After German reunification, the A 9 was to be rebuilt and upgraded, being German Unity Transport Project No. 12. The old two-lane profile without emergency lane was in no way suited to modern levels of traffic, speed, and expected safety. In 1990, 50,000 vehicles per day were counted near Bayreuth, about as much as the motorway could handle. After the work was finished near Bayreuth in 2006, the only part of the old profile is in Thuringia between Schleiz and Triptis. Planning for this is in progress, as it is the last bottleneck on the A 9. Once this construction is finished, there will be at least three lanes plus emergency lane in each direction for the whole route.
On June 30, 2004, Germany's oldest autobahn inn, Rodaborn, near Triptis, was closed due to the upgrading of the old two-lane to the modern three-lane profile. Rodaborn was opened in 1928 as a country inn for the local population and turned into a rest area in 1936 when the autobahn was opened. During the days of the GDR, it was open only for transit travellers, not for the people of the GDR. In a loop of history, in 2009 it was rented by a local couple intending to re-open it as an inn for local daytrippers.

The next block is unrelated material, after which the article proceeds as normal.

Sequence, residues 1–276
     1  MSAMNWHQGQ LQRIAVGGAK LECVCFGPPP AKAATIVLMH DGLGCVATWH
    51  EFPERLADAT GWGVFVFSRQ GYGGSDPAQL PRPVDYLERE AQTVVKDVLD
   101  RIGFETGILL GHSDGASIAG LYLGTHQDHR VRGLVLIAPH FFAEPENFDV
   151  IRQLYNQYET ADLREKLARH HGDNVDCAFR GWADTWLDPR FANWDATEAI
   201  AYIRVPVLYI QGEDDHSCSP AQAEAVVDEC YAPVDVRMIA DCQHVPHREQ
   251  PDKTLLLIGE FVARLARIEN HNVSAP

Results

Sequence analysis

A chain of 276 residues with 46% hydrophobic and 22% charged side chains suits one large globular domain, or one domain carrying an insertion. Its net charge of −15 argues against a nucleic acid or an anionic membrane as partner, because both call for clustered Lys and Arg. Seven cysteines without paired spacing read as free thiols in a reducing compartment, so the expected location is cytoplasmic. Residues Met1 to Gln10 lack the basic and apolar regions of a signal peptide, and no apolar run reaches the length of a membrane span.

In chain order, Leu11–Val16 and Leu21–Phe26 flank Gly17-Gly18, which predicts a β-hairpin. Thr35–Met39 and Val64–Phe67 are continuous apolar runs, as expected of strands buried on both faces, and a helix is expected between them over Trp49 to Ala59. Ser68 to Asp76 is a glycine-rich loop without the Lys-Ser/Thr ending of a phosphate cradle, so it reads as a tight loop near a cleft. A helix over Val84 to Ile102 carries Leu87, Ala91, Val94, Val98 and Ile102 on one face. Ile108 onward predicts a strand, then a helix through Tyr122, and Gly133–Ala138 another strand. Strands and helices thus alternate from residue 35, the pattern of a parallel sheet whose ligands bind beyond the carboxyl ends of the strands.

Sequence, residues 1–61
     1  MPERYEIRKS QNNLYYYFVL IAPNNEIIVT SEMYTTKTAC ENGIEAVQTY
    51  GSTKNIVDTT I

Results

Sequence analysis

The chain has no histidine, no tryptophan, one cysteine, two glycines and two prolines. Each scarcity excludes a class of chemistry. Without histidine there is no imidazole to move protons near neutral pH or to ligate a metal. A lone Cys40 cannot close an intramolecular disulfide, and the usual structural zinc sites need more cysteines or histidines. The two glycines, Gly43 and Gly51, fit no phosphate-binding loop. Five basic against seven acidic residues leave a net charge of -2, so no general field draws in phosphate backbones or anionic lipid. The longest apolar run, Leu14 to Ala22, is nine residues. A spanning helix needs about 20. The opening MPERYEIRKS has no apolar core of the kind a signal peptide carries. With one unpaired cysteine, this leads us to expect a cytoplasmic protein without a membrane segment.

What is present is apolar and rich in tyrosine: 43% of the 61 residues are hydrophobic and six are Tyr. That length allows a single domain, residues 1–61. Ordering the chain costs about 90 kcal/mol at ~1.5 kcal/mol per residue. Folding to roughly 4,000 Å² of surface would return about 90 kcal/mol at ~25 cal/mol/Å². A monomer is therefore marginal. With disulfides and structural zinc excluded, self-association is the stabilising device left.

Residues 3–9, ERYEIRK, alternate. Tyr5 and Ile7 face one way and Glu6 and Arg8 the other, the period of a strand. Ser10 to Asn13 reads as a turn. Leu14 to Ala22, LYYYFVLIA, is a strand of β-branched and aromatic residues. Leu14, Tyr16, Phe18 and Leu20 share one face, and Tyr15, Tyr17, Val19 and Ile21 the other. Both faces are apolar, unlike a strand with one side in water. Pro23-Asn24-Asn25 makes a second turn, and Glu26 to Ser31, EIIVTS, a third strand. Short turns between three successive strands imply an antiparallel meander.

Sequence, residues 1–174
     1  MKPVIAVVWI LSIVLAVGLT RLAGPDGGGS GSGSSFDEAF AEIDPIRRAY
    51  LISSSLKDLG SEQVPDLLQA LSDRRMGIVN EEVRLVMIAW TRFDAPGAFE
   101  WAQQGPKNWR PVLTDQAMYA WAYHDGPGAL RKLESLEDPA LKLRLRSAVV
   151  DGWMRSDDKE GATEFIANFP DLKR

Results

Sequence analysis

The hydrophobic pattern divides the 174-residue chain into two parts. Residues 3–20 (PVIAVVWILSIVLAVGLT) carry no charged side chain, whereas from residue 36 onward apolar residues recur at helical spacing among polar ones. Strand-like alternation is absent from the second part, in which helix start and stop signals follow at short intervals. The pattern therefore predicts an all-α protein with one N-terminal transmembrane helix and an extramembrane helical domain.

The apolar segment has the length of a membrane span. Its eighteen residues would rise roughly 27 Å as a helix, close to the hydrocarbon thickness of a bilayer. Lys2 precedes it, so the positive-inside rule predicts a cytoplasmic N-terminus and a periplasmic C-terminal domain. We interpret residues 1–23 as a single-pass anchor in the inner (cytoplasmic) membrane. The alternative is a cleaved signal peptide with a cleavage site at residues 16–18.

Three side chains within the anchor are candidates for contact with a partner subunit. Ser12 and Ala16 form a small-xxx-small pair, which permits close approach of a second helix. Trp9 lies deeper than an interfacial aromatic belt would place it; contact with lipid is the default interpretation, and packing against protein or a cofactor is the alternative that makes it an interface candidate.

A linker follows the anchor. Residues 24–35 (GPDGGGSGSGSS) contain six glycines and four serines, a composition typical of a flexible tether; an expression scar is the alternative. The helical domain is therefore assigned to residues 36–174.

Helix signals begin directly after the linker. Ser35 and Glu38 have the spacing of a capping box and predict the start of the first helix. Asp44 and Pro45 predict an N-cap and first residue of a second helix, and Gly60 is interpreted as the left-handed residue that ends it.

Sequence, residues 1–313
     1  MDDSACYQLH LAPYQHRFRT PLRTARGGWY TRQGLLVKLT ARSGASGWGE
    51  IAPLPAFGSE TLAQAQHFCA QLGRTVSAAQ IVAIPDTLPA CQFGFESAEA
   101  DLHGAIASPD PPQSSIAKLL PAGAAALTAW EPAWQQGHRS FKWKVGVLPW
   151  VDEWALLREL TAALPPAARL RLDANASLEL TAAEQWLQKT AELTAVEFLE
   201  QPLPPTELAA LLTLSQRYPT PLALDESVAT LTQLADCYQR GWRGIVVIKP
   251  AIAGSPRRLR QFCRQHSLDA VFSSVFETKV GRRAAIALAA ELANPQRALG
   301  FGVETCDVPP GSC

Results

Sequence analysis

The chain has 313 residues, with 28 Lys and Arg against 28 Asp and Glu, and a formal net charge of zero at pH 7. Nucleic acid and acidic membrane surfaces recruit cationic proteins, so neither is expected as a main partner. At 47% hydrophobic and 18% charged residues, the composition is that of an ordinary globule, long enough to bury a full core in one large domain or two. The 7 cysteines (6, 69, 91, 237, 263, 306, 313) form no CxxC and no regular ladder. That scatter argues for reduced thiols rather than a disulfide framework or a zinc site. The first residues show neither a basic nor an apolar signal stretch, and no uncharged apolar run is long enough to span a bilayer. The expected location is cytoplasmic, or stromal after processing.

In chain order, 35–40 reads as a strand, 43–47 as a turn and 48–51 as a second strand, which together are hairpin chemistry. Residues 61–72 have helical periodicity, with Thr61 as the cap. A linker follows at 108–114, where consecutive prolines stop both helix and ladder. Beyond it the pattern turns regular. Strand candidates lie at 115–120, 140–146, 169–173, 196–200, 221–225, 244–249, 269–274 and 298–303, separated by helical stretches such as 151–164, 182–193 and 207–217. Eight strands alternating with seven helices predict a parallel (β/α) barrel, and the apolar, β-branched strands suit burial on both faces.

Current condition and future plans 
With two exceptions, the A 9 has a profile of three lanes and one emergency lane per direction. Exceptions are a 19 km stretch in Thuringia, and the part between Munich-Nord and Neufahrn, north of Munich, which has been upgraded to four lanes each way. This part was surveyed in 2008 with an average number of 143,000 vehicles per day with a maximum of 184,000.
Since 2006 talks have started about turning the three-way interchange Holledau into a four-way, and extending the A 93 into the Pfaffenhofen area.
Further plans and visions include widening to six lanes between Triptis and Schleiz in Thuringia, and to eight lanes between interchanges Nuremberg and Nuremberg-East, and Holledau and Neufahrn, respectively.